Australia to buy armed Reaper drones
General Atomics MQ-9 Reaper has been selected as the system that best meets the capability requirements for Australia’s first armed remotely piloted aircraft system.
FILE PHOTO: MQ-9 Reaper. US Air Force photo.
The actual model, capabilities and cost of the platform are yet to be negotiated.
The government will now request pricing and availability data from the United States on Reaper variants to support future decision-making on the acquisition.
Minister for Defence Christopher Pyne said the medium-altitude, long-endurance aircraft can be integrated within the Australian Defence Force and would be fully interoperable with our allies.
“These new aircraft will provide enhanced firepower and intelligence, surveillance and reconnaissance support to a range of missions,” Minister Pyne said.
“Medium-altitude, long-endurance, remotely piloted aircraft have a far greater range than smaller remotely piloted aircraft and can continuously observe an area of interest for much longer than manned reconnaissance aircraft.
“Remotely piloted aircraft allow military commanders to make more informed decisions faster while providing the option to conduct strike and reconnaissance operations without risking the safety of aircrew.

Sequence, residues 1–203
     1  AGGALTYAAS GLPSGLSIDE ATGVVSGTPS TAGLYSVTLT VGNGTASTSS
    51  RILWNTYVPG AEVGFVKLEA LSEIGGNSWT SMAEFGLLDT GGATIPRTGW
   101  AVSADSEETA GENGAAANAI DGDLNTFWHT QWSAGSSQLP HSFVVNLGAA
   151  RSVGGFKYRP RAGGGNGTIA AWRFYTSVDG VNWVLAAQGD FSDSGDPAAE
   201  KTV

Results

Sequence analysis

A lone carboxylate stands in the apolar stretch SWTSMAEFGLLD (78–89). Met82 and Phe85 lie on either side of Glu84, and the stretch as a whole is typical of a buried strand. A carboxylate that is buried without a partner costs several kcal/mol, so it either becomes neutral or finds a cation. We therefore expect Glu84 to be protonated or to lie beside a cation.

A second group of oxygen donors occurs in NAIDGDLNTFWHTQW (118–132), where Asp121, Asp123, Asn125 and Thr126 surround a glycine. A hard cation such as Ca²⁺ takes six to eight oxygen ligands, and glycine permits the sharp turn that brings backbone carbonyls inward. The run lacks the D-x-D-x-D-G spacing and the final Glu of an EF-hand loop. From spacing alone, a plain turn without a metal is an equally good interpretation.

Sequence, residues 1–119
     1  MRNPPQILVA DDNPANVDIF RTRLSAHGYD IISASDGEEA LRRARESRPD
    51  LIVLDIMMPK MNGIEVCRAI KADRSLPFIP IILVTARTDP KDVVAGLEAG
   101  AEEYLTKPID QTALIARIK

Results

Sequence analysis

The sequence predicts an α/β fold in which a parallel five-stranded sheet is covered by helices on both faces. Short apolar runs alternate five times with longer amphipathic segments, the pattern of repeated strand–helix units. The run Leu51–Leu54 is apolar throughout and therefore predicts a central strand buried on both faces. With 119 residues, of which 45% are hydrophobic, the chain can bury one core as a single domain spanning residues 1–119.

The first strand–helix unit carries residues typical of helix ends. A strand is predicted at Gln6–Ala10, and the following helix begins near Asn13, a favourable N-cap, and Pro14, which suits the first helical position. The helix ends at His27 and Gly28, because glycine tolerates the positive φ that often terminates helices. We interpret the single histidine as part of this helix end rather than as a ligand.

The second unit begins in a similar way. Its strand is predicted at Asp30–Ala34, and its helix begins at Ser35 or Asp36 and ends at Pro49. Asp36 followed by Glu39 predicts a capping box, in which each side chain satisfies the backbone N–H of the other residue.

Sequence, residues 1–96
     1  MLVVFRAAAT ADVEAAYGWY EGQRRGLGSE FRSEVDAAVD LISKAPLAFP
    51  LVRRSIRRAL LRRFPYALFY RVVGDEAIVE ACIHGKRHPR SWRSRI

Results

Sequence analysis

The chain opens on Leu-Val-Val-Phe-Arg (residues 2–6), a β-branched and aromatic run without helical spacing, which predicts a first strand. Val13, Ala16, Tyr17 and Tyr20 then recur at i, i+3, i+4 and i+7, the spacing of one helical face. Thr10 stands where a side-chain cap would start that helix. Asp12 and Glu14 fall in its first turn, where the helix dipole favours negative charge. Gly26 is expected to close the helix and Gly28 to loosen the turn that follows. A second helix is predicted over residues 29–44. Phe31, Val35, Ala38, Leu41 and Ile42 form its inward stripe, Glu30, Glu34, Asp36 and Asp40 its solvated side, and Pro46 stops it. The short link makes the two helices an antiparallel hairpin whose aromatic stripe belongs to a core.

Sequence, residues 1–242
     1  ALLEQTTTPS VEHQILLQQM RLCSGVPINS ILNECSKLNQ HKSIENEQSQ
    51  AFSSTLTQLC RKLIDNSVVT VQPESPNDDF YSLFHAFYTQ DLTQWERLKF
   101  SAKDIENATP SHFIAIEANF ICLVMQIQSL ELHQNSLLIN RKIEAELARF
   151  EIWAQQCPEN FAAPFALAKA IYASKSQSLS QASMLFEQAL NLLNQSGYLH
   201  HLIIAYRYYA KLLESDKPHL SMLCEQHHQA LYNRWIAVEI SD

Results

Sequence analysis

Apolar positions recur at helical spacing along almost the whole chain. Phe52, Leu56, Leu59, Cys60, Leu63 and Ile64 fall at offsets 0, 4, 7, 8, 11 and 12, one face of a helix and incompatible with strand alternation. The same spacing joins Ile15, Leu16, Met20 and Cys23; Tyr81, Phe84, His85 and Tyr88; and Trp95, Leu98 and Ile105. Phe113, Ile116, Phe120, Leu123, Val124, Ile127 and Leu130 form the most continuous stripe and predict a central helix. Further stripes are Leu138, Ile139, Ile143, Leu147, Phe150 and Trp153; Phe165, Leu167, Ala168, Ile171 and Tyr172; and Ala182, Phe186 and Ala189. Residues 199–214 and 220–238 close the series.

“The aircraft will be used to watch and protect ADF and coalition land forces,” and, unable to resist the PR BS, the minister also said the lethally armed tank-killing drone “will provide reconnaissance support for search-and-rescue, humanitarian-assistance and disaster-relief operations”.
Minister for Defence Industry Steve Ciobo said the project would provide opportunities for Australian industry with associated infrastructure development and sustainment activities.
“General Atomics, as the original equipment manufacturer of the Reaper, has partnered with a large number of Australian companies who provide a range of innovative sensor, communication, manufacturing and life-cycle support capabilities,” Minister Ciobo said.
“This is a great opportunity for Australian industry and demonstrates Australia’s world-class capability to support cutting-edge technologies.”
Australian manufacturer of advanced carbon-fibre composites Quickstep was quick to congratulate the General Atomics-led project team.